Friday, March 31, 2023

Best LED Light Bars for Boats

Welcome to the first is a series of specifics dealing with LED Light bars. First up a look at boats, and unlike my previous light bar article I won’t be able to present cheap options. If you want a light bar for a boat you have to shell out top dollar, no only for a bright bar with a good IP rating, but also one whose build quality is high enough to prevent long term erosion. When you go off-roading your bar is subjected to the elements, true, but not to the extent that a boats bar is. The added effect of salt water makes cheap light bars last less long, fall to pieces, and become a fundamentally bad investment.

As I mentioned above, using a bar on a boat will require some particular traits. The Bar must be IP rated 68 or above. 69K is the best option available, but that is a rare thing to find. A 68 rating is tested to withstand long term submersion in excess of 1m, and if you have your light bar under the water for longer than a few minutes, and at a greater depth than 1m, then you might be sinking. In which case, it doesn’t matter how good a light bar you have, and you’d best focus on swimming to shore.

In addition, you will want a combo beam. When on the open water it is imperative that you can shine a spot and a flood light, depending on your needs. So that rules out any specialized bars and, sadly, even the cheaper Rigid Radiance series. It is possible to make do with a pair of lights, each specializing, but you may end up spending more doing that.

Lastly, while you might be tempted by Halogens and HIDs, I must impress upon you the importance of buying an LED light bar. The last thing you want is to be out on the ocean at night, driving blind due to a burnt out bulb, and the longevity of LED bars far outstrips that of any other light bar solution. Another thing to take into account regarding the longevity of the bar is the amp draw. You want it nice and low, to maximize the life of your battery.

So, with all that said, let’s take a look down a few marine LED light bar options that work well.

Best Light Bars for Boats

Auxbeam 42″ 120W Marine LED Light Bar

AuxbeamI’m not sure what to make of this. It is one of the cheapest options around, $136.50, and the site claims that it is good for marine use, but I don’t know. The IP rating is 67, and a 7 means that it will work up after up to 1m of submersion. In a boating environment that does not sound like enough to me. I can only go by what Auxbeam claim here. I love their other products, their 50″ curved bar is blindingly awesome and IP 67 is more than enough for off-roading, this is what I call a risky buy. It has 30 degrees of spot and 60 degrees of flood combo lighting in, and the output lumen is an impressive 12,000lm. It also comes in a variety of sizes, so be sure to look for the right size to suit your needs. In optimum conditions expect an Auxbeam to last 30,000+ hours. Remember you have 30 days to return it for a money back guarantee, and a years warranty. It says on this thing that it is suitable for boating, so if it breaks during you are entitled to a full refund.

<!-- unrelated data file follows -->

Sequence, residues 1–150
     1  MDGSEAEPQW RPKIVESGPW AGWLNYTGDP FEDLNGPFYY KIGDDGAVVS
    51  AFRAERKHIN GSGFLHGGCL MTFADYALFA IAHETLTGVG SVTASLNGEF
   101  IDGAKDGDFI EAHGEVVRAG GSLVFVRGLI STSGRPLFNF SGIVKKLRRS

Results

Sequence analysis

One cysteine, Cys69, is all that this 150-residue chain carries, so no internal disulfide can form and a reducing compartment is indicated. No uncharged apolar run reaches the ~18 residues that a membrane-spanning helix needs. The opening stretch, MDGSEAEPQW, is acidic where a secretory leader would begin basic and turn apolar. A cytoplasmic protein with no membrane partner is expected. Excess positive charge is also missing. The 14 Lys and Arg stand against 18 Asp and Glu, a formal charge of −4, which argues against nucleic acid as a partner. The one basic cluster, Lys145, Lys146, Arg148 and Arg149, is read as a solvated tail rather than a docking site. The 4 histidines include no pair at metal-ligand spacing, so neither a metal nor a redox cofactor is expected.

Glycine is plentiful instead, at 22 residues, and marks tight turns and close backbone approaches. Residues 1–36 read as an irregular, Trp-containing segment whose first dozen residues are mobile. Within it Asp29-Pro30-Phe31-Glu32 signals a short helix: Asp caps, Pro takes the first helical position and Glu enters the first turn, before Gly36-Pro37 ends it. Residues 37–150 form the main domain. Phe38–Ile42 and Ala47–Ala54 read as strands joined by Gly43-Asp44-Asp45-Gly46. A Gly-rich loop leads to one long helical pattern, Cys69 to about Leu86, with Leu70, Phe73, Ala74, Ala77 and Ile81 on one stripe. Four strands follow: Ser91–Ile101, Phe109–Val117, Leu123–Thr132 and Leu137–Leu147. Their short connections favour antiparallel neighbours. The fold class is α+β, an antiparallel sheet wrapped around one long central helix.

Size: 43.7inch*2.56inch*3.1inch including bracket.

Tuff Stuff 31″ Single Row Led Light Bar

Tuff StuffThe next cheapest I found was the Tuff Stuff, and again this one comes in a variety of sizes, always a good sign. This is a bit of an anomaly to be honest. It is IP rated at 69K, that is the highest durability rating, and considering it costs a mere $239 it is a bargain. Looking into it a little deeper I found that it is using OSRAM rather than Cree LEDs, and the downside here is the power draw. While it might not sound like much, an extra amp or two can mean the difference between sailing blind and coasting home safely. This bar outputs 12,600LM, which is pretty good, and uses a combo of spot and flood lights of different colors for different weather conditions. It’s a nice touch, and not one seen on many other bars. Tuff Stuff seem pretty sire of their build quality, their site is laden with superlatives, and they offer a lifetime warranty. That endears them to me quite a bit. They also guarantee 50,000 hours of continual use, which is an impressive claim. Overall, this seems like a good bet, and too good a price to pass up.